Jessie wasn't meant to be ours. Or it could be that she was ours all along. You see, there was a mix up when we chose our new Brittany pup at the Breeders that morning. We brought her home - played with her - laughed at her - held her while she slept, and in less than a day, fell in love with her. Later that night the Breeder called to explain that he had given us the wrong dog. It seems Maddy (the name we had chosen) had been promised to another hunter. He pleaded with me to exchange her for another female from the litter. I was having none of it. After only one day this little dog had nuzzled her way into our hearts and I couldn't see how to part with her. But even while hanging up the phone I new what we had to do. After tears all around, I called the Breeder back and gave him directions to our house. He came thru the door on a late Saturday night with Maddy's replacement in his arms. The expression on his face gave a clear indication of just how sorry he was about the mistake. With few words, we exchanged puppies and said goodbye.
Our daughter Allison had decided that we couldn't call our new arrival Maddy. That name had already been given. I asked her to choose a name, and we settled on Jessie. Over the next 24 hours we went thru the bonding process once more, falling in love all over again. How could we love Jessie any less than her littermate?
It's 3:00 AM when I hear her whining from the crate downstairs. It's the 3 rd night and I'm into the routine. I unlatch her crate door, gather her into my arms and while she licks at my ear, we step through the front door into a still spring night. When I set her down, she is cautious for a moment, testing the air with her nose, then she quickly moves off to do her business. Returning to the porch with her at my heels, I bend and scoop her up to go inside. Jessie is never ready to go back to sleep after these interruptions, so we lay on the couch. I stroke her puppy ears while she gently chews on the edge of my sweatshirt.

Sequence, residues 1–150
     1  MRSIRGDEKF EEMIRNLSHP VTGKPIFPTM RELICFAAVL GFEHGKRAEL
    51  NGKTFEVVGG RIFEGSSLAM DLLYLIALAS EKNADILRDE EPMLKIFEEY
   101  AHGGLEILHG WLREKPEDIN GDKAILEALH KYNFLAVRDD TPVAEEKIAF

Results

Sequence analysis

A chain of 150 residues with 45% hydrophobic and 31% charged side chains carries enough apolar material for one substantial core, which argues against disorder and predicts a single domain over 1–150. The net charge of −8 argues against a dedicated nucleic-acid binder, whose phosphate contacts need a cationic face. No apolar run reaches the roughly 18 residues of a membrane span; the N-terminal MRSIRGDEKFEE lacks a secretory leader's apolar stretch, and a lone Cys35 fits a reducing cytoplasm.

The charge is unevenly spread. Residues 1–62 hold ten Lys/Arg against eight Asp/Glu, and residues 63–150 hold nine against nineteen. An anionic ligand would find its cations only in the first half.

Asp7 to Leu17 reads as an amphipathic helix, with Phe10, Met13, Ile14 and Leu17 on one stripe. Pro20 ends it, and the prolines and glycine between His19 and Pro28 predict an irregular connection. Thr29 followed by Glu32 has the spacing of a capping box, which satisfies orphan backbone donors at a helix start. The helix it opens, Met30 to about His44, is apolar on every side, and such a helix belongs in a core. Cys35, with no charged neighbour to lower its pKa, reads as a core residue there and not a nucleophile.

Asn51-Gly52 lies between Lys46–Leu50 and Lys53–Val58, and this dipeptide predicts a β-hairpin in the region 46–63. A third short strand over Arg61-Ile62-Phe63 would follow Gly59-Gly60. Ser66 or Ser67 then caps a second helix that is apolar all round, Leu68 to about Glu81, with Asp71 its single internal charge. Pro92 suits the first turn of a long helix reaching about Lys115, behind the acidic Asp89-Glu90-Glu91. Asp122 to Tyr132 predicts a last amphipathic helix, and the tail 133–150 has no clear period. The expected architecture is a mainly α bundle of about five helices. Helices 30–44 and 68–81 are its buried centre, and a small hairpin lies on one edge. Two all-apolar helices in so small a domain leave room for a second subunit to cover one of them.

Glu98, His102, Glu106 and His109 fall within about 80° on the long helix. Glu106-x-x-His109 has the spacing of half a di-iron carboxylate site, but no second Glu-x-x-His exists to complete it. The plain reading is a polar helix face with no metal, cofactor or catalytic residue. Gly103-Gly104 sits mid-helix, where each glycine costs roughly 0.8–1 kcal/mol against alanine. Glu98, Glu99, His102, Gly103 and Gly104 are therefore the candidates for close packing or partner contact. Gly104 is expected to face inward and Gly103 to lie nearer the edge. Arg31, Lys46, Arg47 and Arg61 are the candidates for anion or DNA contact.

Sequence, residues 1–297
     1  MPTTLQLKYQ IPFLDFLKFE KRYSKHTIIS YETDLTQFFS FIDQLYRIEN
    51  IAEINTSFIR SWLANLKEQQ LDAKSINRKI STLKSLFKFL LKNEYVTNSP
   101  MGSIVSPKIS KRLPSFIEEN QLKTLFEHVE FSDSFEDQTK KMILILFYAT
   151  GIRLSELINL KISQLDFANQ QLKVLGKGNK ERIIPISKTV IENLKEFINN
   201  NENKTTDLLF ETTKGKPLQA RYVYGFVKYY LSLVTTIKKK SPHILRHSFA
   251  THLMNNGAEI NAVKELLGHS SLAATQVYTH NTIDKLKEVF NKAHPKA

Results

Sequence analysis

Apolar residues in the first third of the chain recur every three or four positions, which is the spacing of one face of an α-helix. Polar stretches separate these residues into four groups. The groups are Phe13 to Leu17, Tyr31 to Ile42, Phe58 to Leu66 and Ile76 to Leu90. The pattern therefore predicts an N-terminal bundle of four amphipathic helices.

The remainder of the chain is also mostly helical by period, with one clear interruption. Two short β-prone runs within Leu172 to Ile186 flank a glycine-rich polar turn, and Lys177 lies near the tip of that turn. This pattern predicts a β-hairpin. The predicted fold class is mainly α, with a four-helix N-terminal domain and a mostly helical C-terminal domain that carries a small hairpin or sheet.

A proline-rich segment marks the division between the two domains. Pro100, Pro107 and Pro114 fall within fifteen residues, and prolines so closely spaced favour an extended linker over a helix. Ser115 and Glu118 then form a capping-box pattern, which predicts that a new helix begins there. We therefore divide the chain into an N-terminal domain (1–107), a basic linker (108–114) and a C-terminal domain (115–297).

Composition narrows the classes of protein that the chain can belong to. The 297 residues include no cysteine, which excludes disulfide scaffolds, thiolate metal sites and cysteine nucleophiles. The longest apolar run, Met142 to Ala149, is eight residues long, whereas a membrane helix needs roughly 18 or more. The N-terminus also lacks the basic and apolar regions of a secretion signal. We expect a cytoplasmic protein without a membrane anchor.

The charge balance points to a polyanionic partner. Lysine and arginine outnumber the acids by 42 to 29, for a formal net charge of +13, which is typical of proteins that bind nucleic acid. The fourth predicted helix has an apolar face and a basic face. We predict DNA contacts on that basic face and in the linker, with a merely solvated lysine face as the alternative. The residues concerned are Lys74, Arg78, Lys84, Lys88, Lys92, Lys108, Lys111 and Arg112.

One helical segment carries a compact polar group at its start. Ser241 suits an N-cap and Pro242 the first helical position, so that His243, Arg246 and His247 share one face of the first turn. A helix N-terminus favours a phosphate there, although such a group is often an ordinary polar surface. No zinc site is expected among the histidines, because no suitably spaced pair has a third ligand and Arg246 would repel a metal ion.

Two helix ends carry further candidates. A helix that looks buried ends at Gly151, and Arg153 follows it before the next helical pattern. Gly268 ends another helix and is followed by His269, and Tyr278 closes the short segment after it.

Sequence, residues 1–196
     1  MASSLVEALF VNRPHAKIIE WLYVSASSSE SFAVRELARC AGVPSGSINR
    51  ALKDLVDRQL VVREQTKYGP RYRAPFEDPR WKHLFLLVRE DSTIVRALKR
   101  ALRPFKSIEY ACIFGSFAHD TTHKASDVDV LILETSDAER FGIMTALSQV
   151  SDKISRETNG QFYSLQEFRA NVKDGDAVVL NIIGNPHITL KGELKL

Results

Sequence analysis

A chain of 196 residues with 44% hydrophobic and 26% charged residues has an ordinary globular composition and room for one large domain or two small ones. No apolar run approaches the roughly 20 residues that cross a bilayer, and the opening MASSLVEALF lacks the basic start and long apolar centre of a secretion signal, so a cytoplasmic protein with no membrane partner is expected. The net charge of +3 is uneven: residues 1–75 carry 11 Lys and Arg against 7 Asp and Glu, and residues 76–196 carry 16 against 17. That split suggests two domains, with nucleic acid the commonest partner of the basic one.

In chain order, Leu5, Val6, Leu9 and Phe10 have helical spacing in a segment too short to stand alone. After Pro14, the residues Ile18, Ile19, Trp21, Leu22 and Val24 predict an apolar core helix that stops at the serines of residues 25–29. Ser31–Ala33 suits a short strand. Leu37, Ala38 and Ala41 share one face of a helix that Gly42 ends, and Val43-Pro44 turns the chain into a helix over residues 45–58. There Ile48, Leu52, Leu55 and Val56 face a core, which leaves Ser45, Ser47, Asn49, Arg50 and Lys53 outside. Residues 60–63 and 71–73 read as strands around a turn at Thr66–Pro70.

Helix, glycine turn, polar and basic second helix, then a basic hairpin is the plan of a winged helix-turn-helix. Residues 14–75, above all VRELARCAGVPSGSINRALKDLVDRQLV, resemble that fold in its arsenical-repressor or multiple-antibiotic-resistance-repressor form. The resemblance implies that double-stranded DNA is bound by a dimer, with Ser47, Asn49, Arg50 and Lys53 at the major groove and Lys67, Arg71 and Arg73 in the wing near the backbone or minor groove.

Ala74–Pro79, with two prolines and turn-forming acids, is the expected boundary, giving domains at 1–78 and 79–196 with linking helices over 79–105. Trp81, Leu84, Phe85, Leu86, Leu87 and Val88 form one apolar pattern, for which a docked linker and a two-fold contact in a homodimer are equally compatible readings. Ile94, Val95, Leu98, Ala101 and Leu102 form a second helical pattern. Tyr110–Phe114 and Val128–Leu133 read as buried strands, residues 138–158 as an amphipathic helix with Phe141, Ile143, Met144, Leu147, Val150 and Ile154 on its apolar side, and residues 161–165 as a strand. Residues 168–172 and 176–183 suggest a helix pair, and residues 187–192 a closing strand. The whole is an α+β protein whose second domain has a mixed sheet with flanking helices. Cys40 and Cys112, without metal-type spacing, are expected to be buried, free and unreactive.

It's been said that the eyes are windows to the soul, but when I hold Jessie's face in my hands and look into her eyes, I see more than that. I see a promise.
I see a promise of trips North and West. Of clear October skies and falling leaves. The promise of a fast rising Grouse and the raucous cackle of a Ringneck Pheasant. The sound of the report from the shotgun that can seem distant and imagined when taking a bird on the wing. The soothing tone of her bell on a crisp autumn day. The promise of the earthy scent of bottom lands and that of spent shells. The promise of her attention, when she hears the whistle and the way she‘ll shiver when making game. Of her bringing bird to hand and afterward smiling in a way that only dogs can. The promise that every distant worry and external thought will be purged while following her through coverts of Alder and Aspen. And of course, that of her sleeping by the wood stove after a long day afield. Oh to be sure, there will be days of missteps and mistakes along the way. Days filled with concern and frustration. Still in the end there is that incredible feeling of completeness while with a great hunting dog.
During these late night sessions with Jessie I have time to look inside myself for clues to why bird hunting is so important to me. I love to fish and I always look forward to our annual Deer Camp. But for me, nothing comes close to working a bird dog through cover. There is something very magical about the process. A complex recipe of instinctive desire, sensory input, and intense purpose that is not easily defined or understood.
I'm holding Jessie while stroking her ears and she appears ready to go back to sleep, but she opens her tired eyes for a moment and she seems to be looking into mine. And I can't help but wonder what she sees.